Maybe an optimist sees the continuing troubles at the Hanford nuclear reservation as proof that someone is paying attention.
This past year has been spattered with periodic reports, audits and investigations by the federal Department of Energy about the serial failings of the prime contractor in a primary cleanup project.
Bechtel’s work on the $12.2 billion vitrification plant to stabilize 53 million gallons of radioactive waste for long-term storage is rife with safety problems, corrosion of pipes and vessels, and issues with underground pipe protections. The DOE’s investigation, dated Nov. 13, was revealed by the Los Angeles Times.
In August, a DOE engineering official documented 34 instances of Bechtel providing factually incorrect information, flawed designed solutions and equipment that did not meet safety standards.
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Last spring, a DOE inspector general’s audit found containment vessels to be defective, and basic safety and design issues were raised.
Bechtel began work and cashing federal checks in 2001. The finish date has been steadily pushed out to 2019, and that date is written in pencil.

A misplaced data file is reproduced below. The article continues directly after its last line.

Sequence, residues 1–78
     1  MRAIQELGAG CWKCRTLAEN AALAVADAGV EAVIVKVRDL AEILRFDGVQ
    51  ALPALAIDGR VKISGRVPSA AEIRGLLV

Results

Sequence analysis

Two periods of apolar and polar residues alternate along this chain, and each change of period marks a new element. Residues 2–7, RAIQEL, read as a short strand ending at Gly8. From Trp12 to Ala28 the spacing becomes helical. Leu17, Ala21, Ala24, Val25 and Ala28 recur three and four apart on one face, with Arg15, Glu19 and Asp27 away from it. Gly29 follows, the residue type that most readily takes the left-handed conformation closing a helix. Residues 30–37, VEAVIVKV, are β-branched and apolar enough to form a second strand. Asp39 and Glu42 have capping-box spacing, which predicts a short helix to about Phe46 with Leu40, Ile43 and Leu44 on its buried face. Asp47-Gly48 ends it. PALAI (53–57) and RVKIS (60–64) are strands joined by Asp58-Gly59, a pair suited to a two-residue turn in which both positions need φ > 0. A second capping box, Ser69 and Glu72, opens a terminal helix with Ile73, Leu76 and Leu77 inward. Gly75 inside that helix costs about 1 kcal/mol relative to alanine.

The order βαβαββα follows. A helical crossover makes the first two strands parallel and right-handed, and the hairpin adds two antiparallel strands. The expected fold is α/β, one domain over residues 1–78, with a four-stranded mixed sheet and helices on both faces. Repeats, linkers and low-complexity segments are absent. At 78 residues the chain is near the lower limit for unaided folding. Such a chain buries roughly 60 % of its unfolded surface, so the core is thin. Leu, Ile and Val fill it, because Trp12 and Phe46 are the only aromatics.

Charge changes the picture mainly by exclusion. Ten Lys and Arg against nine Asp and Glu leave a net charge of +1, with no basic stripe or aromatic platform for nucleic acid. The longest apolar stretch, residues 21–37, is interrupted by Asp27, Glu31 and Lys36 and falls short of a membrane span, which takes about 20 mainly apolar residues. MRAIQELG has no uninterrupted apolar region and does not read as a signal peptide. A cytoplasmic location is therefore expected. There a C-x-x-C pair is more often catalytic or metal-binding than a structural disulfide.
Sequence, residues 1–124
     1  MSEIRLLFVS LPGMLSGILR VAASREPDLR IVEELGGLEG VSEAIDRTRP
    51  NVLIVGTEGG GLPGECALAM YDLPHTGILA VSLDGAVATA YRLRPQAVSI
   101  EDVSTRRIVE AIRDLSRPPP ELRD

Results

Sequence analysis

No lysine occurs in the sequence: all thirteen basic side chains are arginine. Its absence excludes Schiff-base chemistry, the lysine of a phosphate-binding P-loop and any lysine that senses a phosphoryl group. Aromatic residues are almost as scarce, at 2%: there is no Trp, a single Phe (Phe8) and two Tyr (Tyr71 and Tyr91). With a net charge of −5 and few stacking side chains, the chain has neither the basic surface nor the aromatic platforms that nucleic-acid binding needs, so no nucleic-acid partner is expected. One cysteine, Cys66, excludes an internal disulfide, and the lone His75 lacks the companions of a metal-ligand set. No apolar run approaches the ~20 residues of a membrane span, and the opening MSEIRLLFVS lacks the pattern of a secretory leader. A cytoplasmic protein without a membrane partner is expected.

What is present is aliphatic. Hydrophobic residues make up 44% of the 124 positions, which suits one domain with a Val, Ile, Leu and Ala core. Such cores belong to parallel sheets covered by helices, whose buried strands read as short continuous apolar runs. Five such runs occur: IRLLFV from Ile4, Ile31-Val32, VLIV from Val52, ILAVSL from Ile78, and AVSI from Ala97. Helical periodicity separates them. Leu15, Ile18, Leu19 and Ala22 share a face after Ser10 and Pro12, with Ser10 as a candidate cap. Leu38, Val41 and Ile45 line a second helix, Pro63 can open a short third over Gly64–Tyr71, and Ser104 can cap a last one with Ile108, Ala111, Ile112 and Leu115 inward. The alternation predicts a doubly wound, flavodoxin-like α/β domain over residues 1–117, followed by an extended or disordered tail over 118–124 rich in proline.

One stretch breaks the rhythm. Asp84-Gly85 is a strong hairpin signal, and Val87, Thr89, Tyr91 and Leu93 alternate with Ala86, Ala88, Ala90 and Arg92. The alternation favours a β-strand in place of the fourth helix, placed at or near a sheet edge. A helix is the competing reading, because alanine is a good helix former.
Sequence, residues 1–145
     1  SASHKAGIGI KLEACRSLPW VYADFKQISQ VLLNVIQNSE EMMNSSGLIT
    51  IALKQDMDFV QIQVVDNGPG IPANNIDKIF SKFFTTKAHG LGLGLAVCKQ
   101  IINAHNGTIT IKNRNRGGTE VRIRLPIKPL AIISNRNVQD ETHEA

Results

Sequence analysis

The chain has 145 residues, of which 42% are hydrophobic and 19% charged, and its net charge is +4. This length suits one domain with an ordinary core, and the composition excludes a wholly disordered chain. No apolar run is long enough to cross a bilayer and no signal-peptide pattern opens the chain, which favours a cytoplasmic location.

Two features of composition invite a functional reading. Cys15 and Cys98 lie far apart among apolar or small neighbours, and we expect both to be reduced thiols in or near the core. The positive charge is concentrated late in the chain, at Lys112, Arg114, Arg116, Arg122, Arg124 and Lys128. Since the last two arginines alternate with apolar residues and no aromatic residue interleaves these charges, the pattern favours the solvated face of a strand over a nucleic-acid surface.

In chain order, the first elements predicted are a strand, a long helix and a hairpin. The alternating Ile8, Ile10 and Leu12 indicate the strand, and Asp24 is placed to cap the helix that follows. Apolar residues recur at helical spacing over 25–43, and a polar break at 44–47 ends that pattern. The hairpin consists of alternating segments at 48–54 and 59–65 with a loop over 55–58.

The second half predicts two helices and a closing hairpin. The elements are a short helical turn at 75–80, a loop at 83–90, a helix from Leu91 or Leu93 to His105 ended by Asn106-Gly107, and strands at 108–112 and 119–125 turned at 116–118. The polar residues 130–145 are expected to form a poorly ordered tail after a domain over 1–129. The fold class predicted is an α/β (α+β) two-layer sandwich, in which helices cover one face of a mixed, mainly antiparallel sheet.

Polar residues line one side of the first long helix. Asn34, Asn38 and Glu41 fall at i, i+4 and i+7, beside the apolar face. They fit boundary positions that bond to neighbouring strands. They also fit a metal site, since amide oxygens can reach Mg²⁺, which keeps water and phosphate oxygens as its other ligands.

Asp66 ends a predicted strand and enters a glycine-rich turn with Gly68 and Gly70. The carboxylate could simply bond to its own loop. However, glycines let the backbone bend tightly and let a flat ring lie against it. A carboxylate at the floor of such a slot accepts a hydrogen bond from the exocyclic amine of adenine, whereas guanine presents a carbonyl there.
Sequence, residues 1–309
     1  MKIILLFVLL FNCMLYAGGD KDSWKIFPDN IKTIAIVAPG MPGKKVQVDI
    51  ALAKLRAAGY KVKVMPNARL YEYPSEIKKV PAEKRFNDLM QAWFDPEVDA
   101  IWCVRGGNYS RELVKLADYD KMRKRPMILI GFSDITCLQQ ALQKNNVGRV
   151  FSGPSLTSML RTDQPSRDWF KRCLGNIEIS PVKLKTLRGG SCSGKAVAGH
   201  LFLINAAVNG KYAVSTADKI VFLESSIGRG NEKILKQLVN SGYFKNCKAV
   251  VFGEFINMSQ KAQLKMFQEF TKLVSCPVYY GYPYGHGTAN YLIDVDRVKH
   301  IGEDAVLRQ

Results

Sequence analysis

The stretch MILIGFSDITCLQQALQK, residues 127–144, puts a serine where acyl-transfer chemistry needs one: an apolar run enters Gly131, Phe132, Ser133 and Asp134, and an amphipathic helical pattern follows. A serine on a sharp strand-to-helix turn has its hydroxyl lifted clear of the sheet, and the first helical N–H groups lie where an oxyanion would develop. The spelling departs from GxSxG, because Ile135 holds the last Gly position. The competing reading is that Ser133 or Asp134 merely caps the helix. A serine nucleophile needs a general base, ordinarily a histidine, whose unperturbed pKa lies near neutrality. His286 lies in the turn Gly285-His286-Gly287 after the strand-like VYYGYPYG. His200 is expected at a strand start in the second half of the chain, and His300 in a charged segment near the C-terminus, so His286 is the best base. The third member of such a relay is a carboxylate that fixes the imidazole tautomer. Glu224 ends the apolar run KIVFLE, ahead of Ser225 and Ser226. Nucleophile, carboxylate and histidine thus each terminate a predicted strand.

One consequence of this implosion is a new manager named to lead DOE efforts at Hanford. The Tri-City Herald reports that Kevin Smith will manage the Hanford Office of River Protection.
Credit for Washington making any progress over the years in prioritizing Hanford cleanup goes to departing Gov. Chris Gregoire. Her tenacity as head of the state Department of Ecology, state attorney general and governor was vital.
Incoming Gov. Jay Inslee must keep Hanford on the top of his to-do list. He’s no stranger to the reservation and its cleanup challenges, which were part of his responsibilities when he represented the 4th Congressional District in 1993-94.
He has to remember that cleanup at Hanford takes place in a bureaucratic environment where even shoddy work can earn lucrative bonuses.